· Patient has upper abdominal distress associated with a short history of signs and symptoms suggesting significant associated disease or illness (e.g., weight loss, anorexia, vomiting, nonsteroidal anti-inflammatory drug [NSAID] intake, other gastric irritant intake);

· Patients over the age of 40 who have experienced a significant history of heartburn that returns after a course of symptomatic therapy;

· Patients who have dysphagia or odynophagia;

· Patient has persistent, unexplained vomiting;

· Patient has upper gastrointestinal x-ray findings of: any lesion that requires biopsy for diagnosis; or-  gastric ulcer suspicious of cancer; or evidence of stricture or obstruction;

· To assess acute injury after caustic agent ingestion;

· When anti-reflux surgery is contemplated; or

Patient has gastrointestinal bleeding: in most actively bleeding patients; or for presumed chronic blood loss and iron deficiency anemia when investigation of large bowel is negative.

EGD(s) will be considered medically reasonable and necessary for the following therapeutic purposes:

Treatment of bleeding lesions;

Removal of foreign bodies;

Sclerotherapy and/or band ligation for bleeding from esophageal or gastric varices;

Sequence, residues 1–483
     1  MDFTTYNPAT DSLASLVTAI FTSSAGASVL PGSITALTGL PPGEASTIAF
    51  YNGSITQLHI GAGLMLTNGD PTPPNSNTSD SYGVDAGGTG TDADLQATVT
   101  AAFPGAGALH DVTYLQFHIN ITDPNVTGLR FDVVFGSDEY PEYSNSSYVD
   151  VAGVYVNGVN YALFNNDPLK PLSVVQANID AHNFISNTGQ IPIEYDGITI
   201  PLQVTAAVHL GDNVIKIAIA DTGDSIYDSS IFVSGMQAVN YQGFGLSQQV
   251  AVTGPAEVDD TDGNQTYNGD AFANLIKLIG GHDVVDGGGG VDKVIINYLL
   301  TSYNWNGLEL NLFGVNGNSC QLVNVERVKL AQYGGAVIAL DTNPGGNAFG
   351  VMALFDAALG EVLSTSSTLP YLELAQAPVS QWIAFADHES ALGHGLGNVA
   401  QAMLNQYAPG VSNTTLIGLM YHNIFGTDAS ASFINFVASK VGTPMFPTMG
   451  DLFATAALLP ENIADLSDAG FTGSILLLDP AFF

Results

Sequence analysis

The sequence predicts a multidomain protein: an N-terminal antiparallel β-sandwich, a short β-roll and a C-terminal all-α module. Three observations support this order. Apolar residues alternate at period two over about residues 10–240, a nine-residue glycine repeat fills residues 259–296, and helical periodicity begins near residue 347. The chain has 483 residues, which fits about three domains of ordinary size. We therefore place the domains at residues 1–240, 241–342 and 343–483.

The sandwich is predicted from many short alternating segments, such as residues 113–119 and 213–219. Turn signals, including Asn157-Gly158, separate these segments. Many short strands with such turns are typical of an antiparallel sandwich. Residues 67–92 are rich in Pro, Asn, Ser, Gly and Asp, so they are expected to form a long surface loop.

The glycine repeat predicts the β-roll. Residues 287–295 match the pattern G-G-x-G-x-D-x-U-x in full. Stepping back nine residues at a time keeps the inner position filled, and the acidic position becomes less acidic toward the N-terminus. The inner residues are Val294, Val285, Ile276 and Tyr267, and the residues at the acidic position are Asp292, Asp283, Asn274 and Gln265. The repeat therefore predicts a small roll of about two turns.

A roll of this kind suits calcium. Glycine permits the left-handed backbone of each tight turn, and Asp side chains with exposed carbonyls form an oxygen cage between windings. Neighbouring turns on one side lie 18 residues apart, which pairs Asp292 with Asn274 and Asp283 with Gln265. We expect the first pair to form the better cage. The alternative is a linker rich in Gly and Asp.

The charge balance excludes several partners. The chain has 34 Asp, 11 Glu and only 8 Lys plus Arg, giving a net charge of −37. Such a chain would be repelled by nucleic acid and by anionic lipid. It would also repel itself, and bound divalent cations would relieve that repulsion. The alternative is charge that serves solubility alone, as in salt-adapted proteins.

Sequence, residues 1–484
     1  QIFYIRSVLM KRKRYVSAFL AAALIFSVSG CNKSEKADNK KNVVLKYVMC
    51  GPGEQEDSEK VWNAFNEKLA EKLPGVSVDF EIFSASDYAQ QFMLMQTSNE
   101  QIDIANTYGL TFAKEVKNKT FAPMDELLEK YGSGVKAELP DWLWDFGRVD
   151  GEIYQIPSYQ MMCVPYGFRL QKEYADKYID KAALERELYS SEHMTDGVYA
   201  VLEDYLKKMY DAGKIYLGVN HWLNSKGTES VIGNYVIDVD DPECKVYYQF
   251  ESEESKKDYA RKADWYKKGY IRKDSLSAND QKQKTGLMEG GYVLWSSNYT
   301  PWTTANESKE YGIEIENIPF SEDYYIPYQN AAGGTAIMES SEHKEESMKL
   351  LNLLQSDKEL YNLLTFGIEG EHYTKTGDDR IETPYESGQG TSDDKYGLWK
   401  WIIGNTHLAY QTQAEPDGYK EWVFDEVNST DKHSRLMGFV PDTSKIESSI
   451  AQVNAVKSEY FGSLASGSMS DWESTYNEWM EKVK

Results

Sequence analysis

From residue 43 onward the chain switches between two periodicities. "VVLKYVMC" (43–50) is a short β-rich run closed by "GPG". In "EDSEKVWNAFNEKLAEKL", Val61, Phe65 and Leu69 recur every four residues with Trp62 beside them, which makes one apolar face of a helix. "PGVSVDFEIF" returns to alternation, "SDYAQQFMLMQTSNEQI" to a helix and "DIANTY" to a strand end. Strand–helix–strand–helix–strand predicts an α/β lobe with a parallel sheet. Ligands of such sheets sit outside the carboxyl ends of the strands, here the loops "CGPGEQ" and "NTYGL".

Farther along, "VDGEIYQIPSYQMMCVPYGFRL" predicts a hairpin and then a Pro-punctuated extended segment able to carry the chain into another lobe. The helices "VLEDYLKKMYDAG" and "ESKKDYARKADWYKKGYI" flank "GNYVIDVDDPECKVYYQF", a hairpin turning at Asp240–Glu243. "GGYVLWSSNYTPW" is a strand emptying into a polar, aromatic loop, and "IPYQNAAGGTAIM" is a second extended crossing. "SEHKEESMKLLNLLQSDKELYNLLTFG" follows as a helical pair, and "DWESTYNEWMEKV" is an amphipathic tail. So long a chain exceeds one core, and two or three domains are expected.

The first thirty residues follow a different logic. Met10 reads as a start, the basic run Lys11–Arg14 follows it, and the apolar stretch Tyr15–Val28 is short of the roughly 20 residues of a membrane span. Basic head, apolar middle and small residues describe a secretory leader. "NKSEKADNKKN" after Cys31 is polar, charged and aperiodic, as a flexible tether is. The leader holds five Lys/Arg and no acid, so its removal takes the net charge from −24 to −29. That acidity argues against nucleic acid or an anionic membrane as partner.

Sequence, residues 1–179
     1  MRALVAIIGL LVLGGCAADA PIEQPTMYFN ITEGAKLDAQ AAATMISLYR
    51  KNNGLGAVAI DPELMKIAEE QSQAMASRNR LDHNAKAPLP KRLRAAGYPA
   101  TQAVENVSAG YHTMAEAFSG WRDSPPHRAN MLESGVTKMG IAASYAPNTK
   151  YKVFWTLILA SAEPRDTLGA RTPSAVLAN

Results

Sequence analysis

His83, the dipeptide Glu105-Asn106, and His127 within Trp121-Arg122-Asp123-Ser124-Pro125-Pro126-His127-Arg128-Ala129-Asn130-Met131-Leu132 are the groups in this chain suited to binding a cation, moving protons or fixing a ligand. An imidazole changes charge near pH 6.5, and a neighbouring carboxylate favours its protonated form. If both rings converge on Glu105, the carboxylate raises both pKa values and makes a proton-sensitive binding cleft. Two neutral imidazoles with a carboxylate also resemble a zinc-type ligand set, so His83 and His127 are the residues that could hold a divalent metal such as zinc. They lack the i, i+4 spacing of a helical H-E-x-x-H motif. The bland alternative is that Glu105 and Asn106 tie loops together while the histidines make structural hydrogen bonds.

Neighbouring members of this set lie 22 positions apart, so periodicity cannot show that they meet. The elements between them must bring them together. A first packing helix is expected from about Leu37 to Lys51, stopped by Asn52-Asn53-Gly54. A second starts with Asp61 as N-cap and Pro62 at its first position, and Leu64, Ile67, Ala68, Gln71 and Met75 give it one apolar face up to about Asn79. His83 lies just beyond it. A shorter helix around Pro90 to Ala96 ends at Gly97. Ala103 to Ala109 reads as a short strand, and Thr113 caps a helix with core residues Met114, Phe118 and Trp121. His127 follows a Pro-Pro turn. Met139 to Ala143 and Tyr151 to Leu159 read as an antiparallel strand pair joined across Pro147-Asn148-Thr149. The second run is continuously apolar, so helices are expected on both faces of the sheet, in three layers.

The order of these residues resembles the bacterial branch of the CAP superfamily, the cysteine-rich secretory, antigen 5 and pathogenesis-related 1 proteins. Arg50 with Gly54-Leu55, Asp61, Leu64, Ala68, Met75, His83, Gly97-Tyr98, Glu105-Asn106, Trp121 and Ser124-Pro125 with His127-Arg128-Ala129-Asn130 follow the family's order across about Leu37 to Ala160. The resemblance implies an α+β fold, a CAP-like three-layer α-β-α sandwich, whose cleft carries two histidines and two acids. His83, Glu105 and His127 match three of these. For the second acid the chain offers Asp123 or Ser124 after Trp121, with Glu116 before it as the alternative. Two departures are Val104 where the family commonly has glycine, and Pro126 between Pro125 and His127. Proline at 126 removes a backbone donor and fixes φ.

Dilatation of strictures in the upper intestinal tract;

Removal of selected polypoid lesions;

Placement of feeding tubes; or

Palliative therapy of stenosing neoplasms (e.g., laser, stent placement).

Gastrointestinal bleeding may be treated with a variety of methods. Direct contact heater probes and hemostatic injections into or around the bleeding vessels are both effective therapy for acute bleeding.

Foreign body removal from the stomach or esophagus is usually successful with these flexible instruments. The foreign bodies can be retrieved by either of two methods. The first method is to capture the foreign body with a snare device/grasping forceps and pull the item out with the endoscope. 

The second method is accomplished by piecemeal destruction and pushing the bolus through the esophagus into the stomach.